‘I’ve heard you to be a sensible man, Mr. Hale. I hope you’ll leave some of it in Salem.’

Shows that he is aware of the absurd situation of witches taking place in Salem. The respect for Mr. Hale shown here is important as Proctor tries to be on the side of his last hope. However, it could also be seen as Proctor mocking Mr. Hale.



‘Aye. [He eats. She watches him.] I think we’ll see green fields soon. It’s warm as blood beneath the clods.’

This quotation is part of Proctor’s opening conversation with his wife, Elizabeth. Through this awkward forced conversation we learn about a tension in their relationship and eventually the source of this tension (Proctor’s affair with Abigail). This flaw in Proctor’s character is crucial in reminding us that Proctor is a common man and also, simultaneously, drives his moral struggle.



‘[wide eyed] Oh, it is a black mischief’

This is Proctor’s response when Elizabeth informs him (and the audience) of the court trials. Perhaps more interesting that the actual dialogue is the stage direction—the ‘wide eyed’ suggests perspicacity and acumen, two key attributes of Proctor’s character, and also obviously expresses shock and horror. There is also an undercurrent of disbelief as it divulges the ludicrousness of the fact that these witch trials are seriously being accepted as real and just methods of finding people guilty.



‘[with a violent undertone] You doubt me yet?’

The violent undertone illuminates Proctor’s frustration with Elizabeth, but perhaps more so with himself. Though he is angered at Elizabeth for incessantly doubting him and his actions, his also doubts his own moral status (as is evident later in the play).



‘Because it speaks deceit and I am honest! But I’ll plead no more! I see now your spirit twists around the single error of my life, and I will never tear it free!’

This quotation depicts another facet of Proctor’s personality: his honesty. He perceives himself to be an honest person and prides himself in it and therefore his disloyalty to Elizabeth agonizes him. This torn agony projects him as a hero as it therefore depicts his struggle against himself and his self-perception.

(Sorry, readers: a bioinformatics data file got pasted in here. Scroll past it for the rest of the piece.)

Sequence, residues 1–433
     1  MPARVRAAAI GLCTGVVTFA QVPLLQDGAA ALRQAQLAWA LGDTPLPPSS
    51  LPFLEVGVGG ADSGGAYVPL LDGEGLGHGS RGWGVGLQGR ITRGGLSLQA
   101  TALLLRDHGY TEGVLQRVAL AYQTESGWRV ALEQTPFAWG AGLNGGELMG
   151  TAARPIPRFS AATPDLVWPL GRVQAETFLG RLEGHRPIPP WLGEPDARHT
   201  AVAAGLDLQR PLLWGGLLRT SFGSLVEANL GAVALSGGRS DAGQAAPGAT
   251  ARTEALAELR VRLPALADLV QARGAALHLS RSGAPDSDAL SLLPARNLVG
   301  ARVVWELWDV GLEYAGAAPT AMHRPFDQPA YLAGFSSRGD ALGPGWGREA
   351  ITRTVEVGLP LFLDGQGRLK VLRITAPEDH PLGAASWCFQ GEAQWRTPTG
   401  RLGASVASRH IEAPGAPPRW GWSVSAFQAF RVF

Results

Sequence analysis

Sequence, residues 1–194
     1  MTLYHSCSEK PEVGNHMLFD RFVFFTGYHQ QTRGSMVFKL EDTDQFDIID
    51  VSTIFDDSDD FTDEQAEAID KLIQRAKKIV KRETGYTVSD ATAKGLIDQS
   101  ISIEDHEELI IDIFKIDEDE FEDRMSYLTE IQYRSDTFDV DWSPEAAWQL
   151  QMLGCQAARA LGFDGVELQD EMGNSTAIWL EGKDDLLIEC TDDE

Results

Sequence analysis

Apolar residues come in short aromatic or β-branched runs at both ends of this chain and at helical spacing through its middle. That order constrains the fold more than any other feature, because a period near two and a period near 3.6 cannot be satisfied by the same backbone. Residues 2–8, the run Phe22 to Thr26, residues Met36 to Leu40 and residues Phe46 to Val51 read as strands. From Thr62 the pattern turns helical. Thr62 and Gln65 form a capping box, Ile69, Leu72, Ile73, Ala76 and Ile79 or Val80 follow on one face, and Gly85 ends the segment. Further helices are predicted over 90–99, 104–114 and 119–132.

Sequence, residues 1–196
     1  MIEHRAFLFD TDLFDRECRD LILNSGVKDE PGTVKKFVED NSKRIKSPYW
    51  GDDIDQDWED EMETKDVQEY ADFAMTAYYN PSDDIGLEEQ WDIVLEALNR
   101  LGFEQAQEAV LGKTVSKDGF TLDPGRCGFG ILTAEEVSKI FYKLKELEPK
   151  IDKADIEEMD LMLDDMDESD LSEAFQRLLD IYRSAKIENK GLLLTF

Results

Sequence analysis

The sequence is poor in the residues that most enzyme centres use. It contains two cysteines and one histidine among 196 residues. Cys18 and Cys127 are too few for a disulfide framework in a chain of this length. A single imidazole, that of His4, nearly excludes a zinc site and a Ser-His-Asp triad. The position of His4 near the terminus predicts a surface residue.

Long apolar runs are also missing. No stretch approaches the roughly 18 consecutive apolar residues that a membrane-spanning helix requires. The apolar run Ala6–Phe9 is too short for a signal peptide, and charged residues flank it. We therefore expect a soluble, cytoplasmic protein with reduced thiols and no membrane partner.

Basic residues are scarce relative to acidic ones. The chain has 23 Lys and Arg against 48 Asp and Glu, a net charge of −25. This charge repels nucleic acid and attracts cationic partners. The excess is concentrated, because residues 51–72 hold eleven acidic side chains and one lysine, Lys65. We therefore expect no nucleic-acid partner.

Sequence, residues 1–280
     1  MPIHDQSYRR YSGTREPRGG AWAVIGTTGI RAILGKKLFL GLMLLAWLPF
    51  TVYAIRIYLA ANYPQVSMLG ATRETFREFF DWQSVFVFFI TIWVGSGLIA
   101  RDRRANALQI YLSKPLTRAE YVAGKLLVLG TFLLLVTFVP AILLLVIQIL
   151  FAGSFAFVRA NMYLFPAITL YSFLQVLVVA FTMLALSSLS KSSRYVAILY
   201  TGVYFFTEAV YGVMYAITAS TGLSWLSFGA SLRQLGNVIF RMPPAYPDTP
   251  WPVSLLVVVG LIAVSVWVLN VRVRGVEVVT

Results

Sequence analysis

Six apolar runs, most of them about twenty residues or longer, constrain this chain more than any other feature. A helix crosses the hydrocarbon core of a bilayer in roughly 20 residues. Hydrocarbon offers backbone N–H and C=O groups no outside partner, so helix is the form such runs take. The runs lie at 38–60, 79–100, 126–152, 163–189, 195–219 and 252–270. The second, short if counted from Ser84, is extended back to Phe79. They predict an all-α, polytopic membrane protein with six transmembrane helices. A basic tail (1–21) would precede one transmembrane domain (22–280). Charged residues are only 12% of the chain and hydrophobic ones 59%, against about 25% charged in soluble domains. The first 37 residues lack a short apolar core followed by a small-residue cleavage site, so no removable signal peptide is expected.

‘[starts to speak, then stops, then as though unable to restrain this] I like it not that Mr Parris should lay his hand upon my baby. I see no light of God in that man. I’ll not conceal it.’


Similar to the quotation above, the stage directions indicate how Proctor is simply unable to be dishonest to who he is and what he thinks—he is a character of integrity (a key heroic quality).


[He is stuck. He counts back on his fingers, knowing one is missing.]


Elizabeth [delicately]: Adultery, John.

This is a really interestingly crafted moment by Miller as Proctor forgets the one that he has broken. The fact that he knows the rest and just forgets this one highlights how this is the single flaw in his character. It is also obviously dramatically gripping as the tension builds as he counts back and realises one is missing, upon which point Elizabeth ‘[delicately]’ reminds him, ‘Adultery, John.’



‘On what proof, what proof?’

This repetition of ‘what proof’ emphasises Proctor’s exasperation with the courts and thus again his ability to see the truth behind situations.



‘[He walks as though toward a great horror, facing the open sky.] Aye naked! And the wind, God’s icy wind, will blow!’

This stage direction is crucial if one is to interpret Miller’s ‘The Crucible’ as a modern Greek tragedy. Proctor walking ‘as though toward  a great horror’ suggests that Proctor is incontrovertibly doomed to a particular fate. This is a key facet of a Greek tragic hero.



‘Do that which is good, and no harm shall come to thee.’

This quotation is interesting due to its contextual irony. In Salem, those who do good are the ones who suffer. Furthermore, it also highlights the hypocrisy of the sanctimonious people of Salem in that they don’t really follow the Bible as closely as they claim to (as this is a quote from the Bible).



‘[trembling, his life collapsing about him] I have known her, sir. I have known her.’

This moment is crucial in terms of Proctor’s character—his entire life is ‘collapsing about him’ as he has to sacrifice what he treasures the most—his good reputation. This confession is especially difficult for a man such as John Proctor as to him, above the materialistic desires of most other characters, dignity and honour are the most important.